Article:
Spain’s Supreme Court insists on making Spanish a language of instruction in Catalonia
The Spanish Supreme Court has ruled against the Catalan school model again. The model, which is based on the linguistic immersion principle, has been in place since the mid-1980s and totally guarantees the pupils’ knowledge of both Spanish and Catalan at the end of their schooling period. On Monday the Court rejected an appeal lodged last year by the Catalan Government against a previous judgement that obliged a school to go against Catalonia’s Education Law and teach the entire class in Spanish following a single request from a little girl’s family, irrespective of the opinion of the other pupils’ families. This is another episode in a long series of judicial rulings, appeals and judgements against Catalonia’s school model and the Catalan language since 2010. Spanish nationalists, particularly Madrid-based media and the People’s Party (PP), have been attacking this model and the Catalan language for the last decade and a half, but recently they have managed to get the centralist judicial authorities to back them.
Barcelona (ACN).- The Spanish Supreme Court has ruled against the Catalan school model again. The model, which is based on the linguistic immersion principle, has been in place since the mid-1980s and totally guarantees the pupils’ knowledge of both Spanish and Catalan at the end of their schooling period. On Monday the Court rejected an appeal lodged last year by the Catalan Government against a previous ruling that obliged a school to go against Catalonia’s Education Law, the last version of which was agreed in 2006 among all the education stakeholders and supported by all Catalan parties except the Spanish nationalist ones. Now, the Court obliges an entire class to be taught in Spanish following a single request from a little girl’s family, irrespective of the opinion of the other pupils’ families. The problem is that this breaks the current model and risks children not learning enough Catalan. If this were to happen, equal opportunities would not be guaranteed, affecting social cohesion and creating two separate language communities.
The ruling goes against the linguistic immersion model, which teaches all the school subjects in Catalan except Spanish language and literature. However, the model includes many flexibility measures, including individualised attention for new-comers and the fact that some schools teach a few more subjects in Spanish, following their own education project and the social needs of the place where they are based. The linguistic immersion model was defined and implemented in the mid-1980s, following the advice of education experts. According to education experts, it is the most efficient way to guarantee the knowledge of Catalan language by the kids coming from Spanish-speaking environments, as otherwise they might not be exposed to the language. In fact, results show that even in the current model, kids from Spanish-speaking environments get worse results in Catalan than kids from Catalan speaking-environments; furthermore, these results are also worse than those of children from Catalan-speaking environments in Spanish. Therefore, with fewer hours of Catalan, kids from Spanish-speaking environments are likely not to master the local language. In this scenario, the gap regarding the knowledge of this language will be widen between kids from Spanish- and Catalan-speaking backgrounds, damaging equal opportunities, social cohesion and the normalisation of the Catalan language, seriously affected after decades of cultural repression during the Franco Dictatorship.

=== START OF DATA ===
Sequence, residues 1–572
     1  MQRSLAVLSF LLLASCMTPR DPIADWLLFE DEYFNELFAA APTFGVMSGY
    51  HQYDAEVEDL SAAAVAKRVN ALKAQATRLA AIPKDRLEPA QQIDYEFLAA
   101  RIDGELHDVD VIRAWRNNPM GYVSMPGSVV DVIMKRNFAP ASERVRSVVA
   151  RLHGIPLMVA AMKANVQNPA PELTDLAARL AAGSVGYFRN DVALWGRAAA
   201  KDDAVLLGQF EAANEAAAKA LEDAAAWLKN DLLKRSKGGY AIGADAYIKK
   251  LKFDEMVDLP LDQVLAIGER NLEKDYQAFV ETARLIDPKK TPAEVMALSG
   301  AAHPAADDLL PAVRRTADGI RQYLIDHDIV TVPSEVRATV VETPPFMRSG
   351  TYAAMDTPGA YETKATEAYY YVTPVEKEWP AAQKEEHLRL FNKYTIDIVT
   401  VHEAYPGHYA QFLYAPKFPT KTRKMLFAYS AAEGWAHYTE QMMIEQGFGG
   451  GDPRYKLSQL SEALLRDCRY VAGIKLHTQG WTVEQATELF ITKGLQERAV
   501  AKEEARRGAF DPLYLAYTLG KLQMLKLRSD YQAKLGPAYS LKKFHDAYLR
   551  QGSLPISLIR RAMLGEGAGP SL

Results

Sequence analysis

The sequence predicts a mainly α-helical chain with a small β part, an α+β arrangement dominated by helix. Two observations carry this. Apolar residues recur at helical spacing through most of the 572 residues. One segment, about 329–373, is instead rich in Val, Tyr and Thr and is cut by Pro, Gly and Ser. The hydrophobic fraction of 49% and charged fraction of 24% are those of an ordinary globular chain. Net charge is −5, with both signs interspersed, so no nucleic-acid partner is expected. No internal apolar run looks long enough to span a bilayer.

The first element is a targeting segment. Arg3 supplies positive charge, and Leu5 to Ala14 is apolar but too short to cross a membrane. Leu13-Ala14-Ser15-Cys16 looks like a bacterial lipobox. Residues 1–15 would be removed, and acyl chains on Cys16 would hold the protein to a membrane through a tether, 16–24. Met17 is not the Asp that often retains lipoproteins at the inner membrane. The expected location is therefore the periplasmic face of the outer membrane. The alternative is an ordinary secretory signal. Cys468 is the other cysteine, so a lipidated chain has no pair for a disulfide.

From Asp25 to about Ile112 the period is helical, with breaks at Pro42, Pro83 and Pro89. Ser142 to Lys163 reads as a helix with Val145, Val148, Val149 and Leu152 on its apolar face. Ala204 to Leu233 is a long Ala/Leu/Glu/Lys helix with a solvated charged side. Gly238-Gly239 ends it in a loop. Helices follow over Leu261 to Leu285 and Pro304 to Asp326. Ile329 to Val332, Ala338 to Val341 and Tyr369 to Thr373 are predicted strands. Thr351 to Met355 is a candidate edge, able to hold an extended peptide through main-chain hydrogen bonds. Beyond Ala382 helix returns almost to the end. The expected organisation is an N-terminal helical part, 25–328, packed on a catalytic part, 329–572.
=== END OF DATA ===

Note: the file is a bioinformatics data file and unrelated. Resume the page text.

The Supreme’s Court pronouncement issued on Monday evening is just another episode in a long series of judicial rulings, appeals and judgements against Catalonia’s school model and the Catalan language in an offensive that has been taking place in the Courts since 2010. Spanish nationalists, particularly Madrid-based media and the People’s Party (PP), have been attacking this model and the Catalan language for the last decade and a half. However, since the Constitutional Court’s ruling against the Catalan Statute of Autonomy in 2010 and its ambiguous definition of Catalan language as being “the centre of gravity” of the school system but insisting that Spanish could not be “excluded”, the centralist and Madrid-based Supreme Court sided with the dozen or so families who requested that their children be schooled in Spanish in Catalonia. The Spanish Constitution does not recognise “the right to be schooled in Spanish”, as the Constitutional Court acknowledged in a previous ruling in 1994. It only recognises “the right and duty to know Spanish”, which the Catalan school system totally guarantees. However, Spanish nationalists insist they have “the right” to choose the instruction language of their kids and to be schooled in Spanish, even though their kids will probably end up with a much weaker knowledge of Catalan than the rest of the students.